JCDR - Register at Journal of Clinical and Diagnostic Research
Journal of Clinical and Diagnostic Research, ISSN - 0973 - 709X
Original Article DOI : 10.7860/JCDR/2013/6031.3373
Year : 2013 | Month : Sep | Volume : 7 | Issue : 9 Full Version Page : 1932 - 1935

Sclerosing Stromal Tumour in Young Women: Clinicopathologic and Immunohistochemical Spectrum

Ecmel Isik Kaygusuz1, Suna Cesur2, Handan Cetiner3, Hulya Yavuz3, Nermin Koc5

1 Pathologhist, Department of Pathology, Zeynep Kamil Hospital, Burhanettin Ustünel Cad. No.10 Uskudar, Isanbul, Turkey.
2 Pathologhist, Department of Pathology, Zeynep Kamil Hospital, Burhanettin Ustünel Cad. No: 10 Uskudar, Istanbul, Turkey.
3 Pathologhist, Department of Pathology, Zeynep Kamil Hospital, Burhanettin Ustünel Cad. No: 10 Usküdar, Istanbul, Turkey.
4 Pathologhist, Department of Pathology, Zeynep Kamil Hospital, Burhanettin Ustünel Cad. No: 10 Usküdar, Istanbul, Turkey.
5 Pathologhist, Department of Pathology, Zeynep Kamil Hospital, Burhanettin Ustünel Cad. No: 10 Usküdar, Istanbul, Turkey.

NAME, ADDRESS, E-MAIL ID OF THE CORESPONDING AUTHOR: Dr. Ecmel Isik Kaygusuz, Department of Pathology, Zeynep Kamil Hospital, Burhanettin Ustünel Cad. No.10 Uskudar, Isanbul, Turkey. Email: ecmeli@yahoo.com

Aim: Sclerosing stromal tumor is a benign tumor of ovary. We aimed to review the clinical findings and immunohistochemical results of SSTs through the 7 diagnosed cases in our hospital.

Material and Methods: As immunohistochemical, blocks were applied with estrogen receptor , progesterone receptor, inhibin, calretinin, melan-A, CD10, smooth muscle actin, desmine, vimentin, CD34, S-100, C-kit, cytokeratin , cytokeratin7.

Results: Macroscopically, while 5 tumors had solid appearance, 2 tumors were composed of solid and cystic areas. All the tumors were in shape of ovarian masses with good limits. Microscopically, two types of cells were observed as fusiform fibroblast-like cells and theca-like cells with vacuolised cytoplasm. Immunohistochemical results: vimentin, smooth muscle actin, desmine, progesterone receptor, calretinin, inhibin were positive in all the cases; S-100, cytokeratin, cytokeratin7, estrogen receptor were negative in all the cases; CD-10 was positive in 2 cases; C-kit was positive in 5 cases; melan-A was positive in 4 cases.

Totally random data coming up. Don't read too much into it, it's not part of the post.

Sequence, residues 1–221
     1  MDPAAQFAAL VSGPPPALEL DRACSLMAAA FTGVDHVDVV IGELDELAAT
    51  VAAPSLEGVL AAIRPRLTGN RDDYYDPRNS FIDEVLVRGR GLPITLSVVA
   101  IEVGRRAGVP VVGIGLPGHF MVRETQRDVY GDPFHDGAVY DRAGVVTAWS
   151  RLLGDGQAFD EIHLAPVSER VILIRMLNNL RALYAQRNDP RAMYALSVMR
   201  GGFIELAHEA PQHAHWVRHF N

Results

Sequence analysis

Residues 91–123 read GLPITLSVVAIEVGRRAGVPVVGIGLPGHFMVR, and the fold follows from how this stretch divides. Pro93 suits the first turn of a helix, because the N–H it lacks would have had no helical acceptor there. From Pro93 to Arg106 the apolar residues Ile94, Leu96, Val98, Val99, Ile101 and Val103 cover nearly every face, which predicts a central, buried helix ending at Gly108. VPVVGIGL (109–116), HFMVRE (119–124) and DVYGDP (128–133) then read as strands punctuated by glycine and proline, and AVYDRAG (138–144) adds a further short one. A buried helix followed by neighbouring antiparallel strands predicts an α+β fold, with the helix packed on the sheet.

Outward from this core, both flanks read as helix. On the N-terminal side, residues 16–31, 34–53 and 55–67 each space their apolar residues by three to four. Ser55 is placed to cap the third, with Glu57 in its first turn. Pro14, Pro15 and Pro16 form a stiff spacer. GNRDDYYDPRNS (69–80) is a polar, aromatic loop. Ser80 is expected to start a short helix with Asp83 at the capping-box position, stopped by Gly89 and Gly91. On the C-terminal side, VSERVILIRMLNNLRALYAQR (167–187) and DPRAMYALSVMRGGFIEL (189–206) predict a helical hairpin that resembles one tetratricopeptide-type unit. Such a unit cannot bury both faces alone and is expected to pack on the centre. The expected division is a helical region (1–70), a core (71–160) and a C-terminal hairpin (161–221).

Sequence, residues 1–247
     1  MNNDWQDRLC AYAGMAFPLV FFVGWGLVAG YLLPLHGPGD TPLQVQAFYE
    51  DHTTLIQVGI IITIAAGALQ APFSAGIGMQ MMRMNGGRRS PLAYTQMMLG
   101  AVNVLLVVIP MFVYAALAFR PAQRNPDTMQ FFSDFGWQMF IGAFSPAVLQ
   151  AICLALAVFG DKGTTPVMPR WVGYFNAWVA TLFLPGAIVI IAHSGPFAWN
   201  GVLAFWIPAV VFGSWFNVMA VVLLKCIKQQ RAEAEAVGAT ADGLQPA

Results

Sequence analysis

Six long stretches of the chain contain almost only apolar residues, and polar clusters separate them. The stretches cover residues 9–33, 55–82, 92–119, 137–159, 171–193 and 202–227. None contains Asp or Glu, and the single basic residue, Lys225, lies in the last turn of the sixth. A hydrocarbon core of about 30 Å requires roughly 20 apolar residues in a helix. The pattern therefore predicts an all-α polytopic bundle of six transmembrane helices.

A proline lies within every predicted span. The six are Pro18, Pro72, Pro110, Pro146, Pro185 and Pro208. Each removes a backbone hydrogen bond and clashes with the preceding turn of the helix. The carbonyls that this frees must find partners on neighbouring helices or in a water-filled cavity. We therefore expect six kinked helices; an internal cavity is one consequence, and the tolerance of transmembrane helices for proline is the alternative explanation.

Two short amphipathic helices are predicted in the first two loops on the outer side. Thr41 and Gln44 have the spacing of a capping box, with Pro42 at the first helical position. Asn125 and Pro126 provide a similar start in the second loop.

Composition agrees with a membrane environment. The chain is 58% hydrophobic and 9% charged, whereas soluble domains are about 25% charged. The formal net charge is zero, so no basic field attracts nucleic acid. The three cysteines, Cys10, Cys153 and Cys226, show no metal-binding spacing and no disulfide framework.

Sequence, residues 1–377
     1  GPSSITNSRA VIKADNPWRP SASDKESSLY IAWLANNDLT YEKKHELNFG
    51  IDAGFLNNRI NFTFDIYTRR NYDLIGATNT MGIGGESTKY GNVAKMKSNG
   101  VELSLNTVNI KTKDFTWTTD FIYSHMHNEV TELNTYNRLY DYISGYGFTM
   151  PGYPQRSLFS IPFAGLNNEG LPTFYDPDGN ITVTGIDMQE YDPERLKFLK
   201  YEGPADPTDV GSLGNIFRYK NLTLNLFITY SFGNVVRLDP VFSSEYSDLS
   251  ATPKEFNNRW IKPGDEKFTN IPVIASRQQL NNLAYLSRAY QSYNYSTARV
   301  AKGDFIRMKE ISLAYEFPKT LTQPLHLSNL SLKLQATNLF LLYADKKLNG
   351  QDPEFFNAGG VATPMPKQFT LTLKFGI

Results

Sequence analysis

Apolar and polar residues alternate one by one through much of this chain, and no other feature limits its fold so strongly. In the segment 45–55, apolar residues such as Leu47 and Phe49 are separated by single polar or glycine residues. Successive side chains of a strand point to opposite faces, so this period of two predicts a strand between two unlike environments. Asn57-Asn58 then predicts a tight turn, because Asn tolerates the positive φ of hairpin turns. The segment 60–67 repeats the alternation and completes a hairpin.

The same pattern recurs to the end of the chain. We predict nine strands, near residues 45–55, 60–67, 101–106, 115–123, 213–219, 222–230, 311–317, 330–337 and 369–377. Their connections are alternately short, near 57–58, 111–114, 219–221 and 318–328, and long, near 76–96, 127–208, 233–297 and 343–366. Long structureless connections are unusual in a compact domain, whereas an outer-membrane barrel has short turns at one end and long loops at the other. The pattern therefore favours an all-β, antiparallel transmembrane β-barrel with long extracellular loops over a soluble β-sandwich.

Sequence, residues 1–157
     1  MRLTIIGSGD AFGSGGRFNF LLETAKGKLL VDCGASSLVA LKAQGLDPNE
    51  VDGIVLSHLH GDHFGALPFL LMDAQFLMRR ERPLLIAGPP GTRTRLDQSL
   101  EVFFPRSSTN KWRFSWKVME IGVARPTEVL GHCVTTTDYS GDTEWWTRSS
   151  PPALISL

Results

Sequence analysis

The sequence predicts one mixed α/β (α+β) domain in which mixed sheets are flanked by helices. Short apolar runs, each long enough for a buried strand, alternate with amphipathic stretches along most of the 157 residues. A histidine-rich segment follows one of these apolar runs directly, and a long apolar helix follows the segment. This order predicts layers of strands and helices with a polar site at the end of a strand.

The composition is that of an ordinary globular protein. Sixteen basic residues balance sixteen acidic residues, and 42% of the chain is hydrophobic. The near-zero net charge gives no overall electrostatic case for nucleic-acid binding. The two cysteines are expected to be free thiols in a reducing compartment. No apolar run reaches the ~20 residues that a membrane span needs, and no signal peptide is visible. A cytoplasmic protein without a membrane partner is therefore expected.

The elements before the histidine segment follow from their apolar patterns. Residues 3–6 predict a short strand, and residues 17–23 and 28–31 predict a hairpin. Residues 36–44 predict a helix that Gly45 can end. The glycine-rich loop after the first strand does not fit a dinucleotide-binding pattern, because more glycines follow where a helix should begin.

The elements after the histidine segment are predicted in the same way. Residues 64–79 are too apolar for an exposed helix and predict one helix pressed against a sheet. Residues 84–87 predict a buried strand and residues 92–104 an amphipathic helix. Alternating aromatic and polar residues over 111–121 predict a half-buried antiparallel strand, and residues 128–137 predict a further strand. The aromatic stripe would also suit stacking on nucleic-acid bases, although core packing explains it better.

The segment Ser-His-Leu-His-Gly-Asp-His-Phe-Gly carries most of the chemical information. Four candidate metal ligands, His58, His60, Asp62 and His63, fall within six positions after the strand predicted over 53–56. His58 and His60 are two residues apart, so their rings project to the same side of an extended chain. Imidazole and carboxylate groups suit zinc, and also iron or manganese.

Conclusions: The significance of these tumors is that it is necessary to distinguish the histopathology in the frozen divtion in order to protect the other adnexa because of the characteristics to be observed at early ages (2nd and 3rd decades).

Our findings support the conclusion that sclerosing stromal tumors are benign–character tumors that stem from over stroma and are hormonally active tumors because of the detected clinical and immunohistochemical results, although no hormonal effect that could be supported with laboratory tests was observed.



Sclerosing stromal tumours (SSTs), which were defined by Chalvardjan and Scully [1] in 1973 for the first time, are rare, stromal and benign tumours of ovary. SSTs constitute 6% of the tumours that are derived from the stroma of ovary and more than 80% of such tumours are observed in young adult women in the 2nd and 3rd decades of life [25]. Sclerosing stromal tumours are usually hormonally inactive, but it has been reported that some cases are related to pregnancy, androgenic symptoms and endometrial carcinomas. The most frequent presenting complaint is menstrual irregularity and pelvic pain. Macroscopically, they are usually observed as solid and typically unilateral tumours [69].

The sharpest histological finding is the pseudo-lobular pattern that is formed by the cellular nodules that are separated from each other by hypocellular, oedematous and collagenous stroma [10]. The hemangiopericytomatous pattern–like dilated vascular structures are the characteristics of cellular areas, and sometimes, they can be associated with angiomatous lesions [11]. In microscopic examinations, the luteinized theca–like cells with vacuolized cytoplasm and fusiform fibroblast–like cells point out in hypercellular areas.

In this study, 7 SST cases who were aged between 18–25 years, who were diagnosed in our hospital, were examined morphologically, clinically and immunohistochemically (IHC) and were reviewed together with the literature data.